Facebook  Pinterest  Twitter

Kafue recovers a glorious past

Kafue recovers a glorious past

Kafue recovers a glorious past

A personal account of visits two years apart to Kafue National Park reports on the astonishing changes which have taken place.

How many times have we felt we were born too late?  What it must have been like, for example, to experience the Ngorongoro Crater before the vehicle became a common species there.  What it must have been like to see the migration of black wildebeests on South Africa’s highveld before the great slaughter for their skins.  What it must have been like to eavesdrop on great white hunters gathered at the Stanley Hotel bar in Nairobi…and so on.

The Nanzhila Plains area in Kafue National Park is one such place that evoked that exact sentiment when I visited in 2009.  Nanzhila revealed glimpses of the past in carefully controlled doses, leaving me to conclude that I, born too late, had missed it.  Well, now having visited for the second time, I am not so sure…

When I adventured to this relatively forgotten place back in 2009, it was planned mostly out of curiosity.  A respected walking safari guide had ceased operating in the area.  A self-driver who camped at Nanzhila reported of not seeing any game, much less hearing anything overnight.  Thankfully, Steve Smith, armed with indelible memories of his childhood holidays in Kafue, tendered for the then derelict site and built Nanzhila Plains Camp in 2006.  In 2009, our “adventure” yielded some surprisingly good sightings, including lion, cheetah, wild dog, sable, roan, bush pig and a good assortment of birds – all pulse-quickening, high quality sightings – but in fleeting doses.

Then began a real push to conserve the area.  Nanzhila Plains Camp sponsored a first ever off-season (rainy season lasting from November to April) anti-poaching effort during the 2009 – 2010 season.  Then, The Nature Conservancy, along with the Zambian Wildlife Authority and Nanzhila Plains Camp, led an anti-poaching and fire management effort starting in late 2010.  The result is astounding.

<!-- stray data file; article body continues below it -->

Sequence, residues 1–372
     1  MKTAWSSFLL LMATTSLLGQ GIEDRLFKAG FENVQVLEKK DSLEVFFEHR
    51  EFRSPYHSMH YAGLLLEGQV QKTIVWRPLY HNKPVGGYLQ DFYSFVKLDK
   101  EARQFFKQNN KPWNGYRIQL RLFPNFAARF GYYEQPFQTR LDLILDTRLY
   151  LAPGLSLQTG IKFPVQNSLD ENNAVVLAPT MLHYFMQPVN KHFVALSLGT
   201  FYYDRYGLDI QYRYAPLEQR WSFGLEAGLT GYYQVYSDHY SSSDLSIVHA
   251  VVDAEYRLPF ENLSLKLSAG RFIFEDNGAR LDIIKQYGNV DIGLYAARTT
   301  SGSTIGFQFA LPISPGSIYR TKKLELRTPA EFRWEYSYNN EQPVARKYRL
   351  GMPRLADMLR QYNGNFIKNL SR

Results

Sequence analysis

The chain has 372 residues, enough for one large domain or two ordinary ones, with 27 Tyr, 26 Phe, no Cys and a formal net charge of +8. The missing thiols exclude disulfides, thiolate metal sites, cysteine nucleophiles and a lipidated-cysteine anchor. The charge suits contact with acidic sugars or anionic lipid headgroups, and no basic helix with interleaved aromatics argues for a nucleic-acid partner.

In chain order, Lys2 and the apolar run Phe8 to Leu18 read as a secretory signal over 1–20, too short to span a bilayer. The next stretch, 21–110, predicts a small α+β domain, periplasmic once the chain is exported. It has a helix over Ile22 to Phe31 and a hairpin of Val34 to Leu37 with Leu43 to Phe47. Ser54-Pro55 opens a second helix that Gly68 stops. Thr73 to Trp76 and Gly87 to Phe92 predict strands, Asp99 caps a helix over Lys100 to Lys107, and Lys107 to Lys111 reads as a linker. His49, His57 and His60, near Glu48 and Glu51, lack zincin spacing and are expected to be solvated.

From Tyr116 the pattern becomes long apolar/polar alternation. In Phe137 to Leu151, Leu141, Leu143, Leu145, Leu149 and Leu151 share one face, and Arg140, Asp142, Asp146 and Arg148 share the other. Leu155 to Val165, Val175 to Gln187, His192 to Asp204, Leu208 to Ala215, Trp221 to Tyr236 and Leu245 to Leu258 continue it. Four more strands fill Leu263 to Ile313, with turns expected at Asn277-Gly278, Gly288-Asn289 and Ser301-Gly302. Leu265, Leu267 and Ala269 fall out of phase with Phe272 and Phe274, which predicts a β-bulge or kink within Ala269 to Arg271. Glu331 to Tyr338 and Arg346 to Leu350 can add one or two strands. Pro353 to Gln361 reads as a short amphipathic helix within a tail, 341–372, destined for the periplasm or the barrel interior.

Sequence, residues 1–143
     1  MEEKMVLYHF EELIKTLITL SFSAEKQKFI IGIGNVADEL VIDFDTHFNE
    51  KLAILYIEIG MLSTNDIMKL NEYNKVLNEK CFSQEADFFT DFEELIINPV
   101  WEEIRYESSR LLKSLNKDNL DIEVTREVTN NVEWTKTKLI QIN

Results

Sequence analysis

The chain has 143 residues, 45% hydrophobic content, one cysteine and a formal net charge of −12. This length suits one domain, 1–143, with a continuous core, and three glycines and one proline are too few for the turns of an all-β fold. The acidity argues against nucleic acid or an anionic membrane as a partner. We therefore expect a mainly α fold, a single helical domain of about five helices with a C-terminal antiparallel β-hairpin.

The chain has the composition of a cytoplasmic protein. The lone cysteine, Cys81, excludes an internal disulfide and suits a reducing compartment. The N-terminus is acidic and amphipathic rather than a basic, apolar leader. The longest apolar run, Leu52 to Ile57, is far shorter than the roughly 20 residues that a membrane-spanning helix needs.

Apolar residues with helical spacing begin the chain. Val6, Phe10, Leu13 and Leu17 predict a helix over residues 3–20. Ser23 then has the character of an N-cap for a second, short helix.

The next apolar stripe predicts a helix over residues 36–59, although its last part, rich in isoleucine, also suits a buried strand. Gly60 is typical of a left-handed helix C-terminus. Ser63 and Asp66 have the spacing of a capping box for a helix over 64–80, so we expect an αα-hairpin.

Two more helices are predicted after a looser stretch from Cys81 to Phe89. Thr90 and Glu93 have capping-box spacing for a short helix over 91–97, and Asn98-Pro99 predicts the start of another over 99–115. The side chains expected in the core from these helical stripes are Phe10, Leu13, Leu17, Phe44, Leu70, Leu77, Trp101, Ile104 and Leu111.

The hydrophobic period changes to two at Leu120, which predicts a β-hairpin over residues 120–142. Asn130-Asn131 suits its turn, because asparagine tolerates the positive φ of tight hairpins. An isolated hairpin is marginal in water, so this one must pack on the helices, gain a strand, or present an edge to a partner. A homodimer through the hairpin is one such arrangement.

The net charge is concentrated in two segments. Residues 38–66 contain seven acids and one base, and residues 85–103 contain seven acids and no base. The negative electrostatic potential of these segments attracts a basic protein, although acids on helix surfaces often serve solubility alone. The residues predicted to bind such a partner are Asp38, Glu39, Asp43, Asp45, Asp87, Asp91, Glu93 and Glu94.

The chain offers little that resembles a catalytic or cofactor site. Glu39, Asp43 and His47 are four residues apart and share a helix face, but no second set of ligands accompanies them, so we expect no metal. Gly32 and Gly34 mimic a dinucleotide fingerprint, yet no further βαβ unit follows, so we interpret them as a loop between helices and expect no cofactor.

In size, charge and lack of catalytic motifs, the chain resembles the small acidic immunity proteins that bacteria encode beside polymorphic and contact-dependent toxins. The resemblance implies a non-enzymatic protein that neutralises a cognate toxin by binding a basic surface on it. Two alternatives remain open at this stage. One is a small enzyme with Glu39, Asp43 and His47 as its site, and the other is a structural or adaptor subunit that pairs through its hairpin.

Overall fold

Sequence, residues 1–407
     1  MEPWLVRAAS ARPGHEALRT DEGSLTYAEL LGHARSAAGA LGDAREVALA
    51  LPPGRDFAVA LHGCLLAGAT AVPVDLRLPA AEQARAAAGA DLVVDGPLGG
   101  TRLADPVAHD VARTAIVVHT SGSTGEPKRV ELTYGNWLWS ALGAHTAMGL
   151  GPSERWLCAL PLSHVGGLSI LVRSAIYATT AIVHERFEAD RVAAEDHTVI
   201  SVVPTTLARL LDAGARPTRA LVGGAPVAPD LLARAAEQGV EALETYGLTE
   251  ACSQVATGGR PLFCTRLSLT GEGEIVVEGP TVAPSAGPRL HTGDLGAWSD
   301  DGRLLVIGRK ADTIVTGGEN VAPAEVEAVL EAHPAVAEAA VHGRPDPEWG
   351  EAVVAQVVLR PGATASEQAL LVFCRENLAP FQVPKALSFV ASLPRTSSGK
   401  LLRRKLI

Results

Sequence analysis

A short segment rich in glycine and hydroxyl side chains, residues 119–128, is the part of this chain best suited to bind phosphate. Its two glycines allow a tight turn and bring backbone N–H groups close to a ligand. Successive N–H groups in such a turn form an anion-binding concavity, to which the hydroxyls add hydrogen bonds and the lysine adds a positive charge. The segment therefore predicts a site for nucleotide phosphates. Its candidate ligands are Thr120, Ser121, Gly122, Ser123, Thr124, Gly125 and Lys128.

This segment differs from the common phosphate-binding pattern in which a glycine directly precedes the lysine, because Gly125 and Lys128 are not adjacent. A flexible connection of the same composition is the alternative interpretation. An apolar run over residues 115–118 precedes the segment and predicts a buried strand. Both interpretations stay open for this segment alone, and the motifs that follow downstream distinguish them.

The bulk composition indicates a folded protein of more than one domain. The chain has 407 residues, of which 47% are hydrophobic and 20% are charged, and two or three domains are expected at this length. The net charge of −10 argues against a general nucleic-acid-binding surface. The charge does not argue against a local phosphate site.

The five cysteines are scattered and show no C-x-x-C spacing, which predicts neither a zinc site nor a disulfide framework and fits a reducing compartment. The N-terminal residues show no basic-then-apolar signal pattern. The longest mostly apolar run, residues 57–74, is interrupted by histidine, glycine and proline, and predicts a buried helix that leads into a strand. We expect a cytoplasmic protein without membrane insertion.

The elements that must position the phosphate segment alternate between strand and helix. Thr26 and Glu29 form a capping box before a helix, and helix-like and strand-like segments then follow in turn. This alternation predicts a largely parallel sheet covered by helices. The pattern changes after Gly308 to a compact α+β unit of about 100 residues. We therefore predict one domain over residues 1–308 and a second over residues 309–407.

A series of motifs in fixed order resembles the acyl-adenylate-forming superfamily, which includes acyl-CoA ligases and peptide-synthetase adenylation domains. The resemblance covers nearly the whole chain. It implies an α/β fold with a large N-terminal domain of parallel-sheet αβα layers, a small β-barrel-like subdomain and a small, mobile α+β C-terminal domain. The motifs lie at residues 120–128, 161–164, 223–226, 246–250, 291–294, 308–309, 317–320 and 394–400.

Merely two years ago, reedbuck would high-tail at a distance while letting out their distinctive warning whistles.  Now, they seem to have at least doubled in number; and just sit under the shade of a termite mound chewing the cud while watching us with indifference.  The same goes for the impalas.  In just two years?  It almost doesn’t make sense.  Oribis abound as well out in the open.  Waterbucks gather around the Nanzhila River, which is reduced to a series of shrinking pools this time of year.

Greater kudus emerge from the tree line to feed on termitaria vegetation, gliding from one mound to the next.  I will never forget the sight of one particular male two years ago panicking into full stride as he saw us from more than a thousand meters away.  On this trip, about half the kudu groups would be approachable, and none would panic.  Elephants, however, still keep their distance.  Zebras and wildebeests are still scant and remain shy.  My guess is that unlike most animals of Kafue, elephants, zebras and wildebeests disperse outside the park during the rains, where they encounter poaching.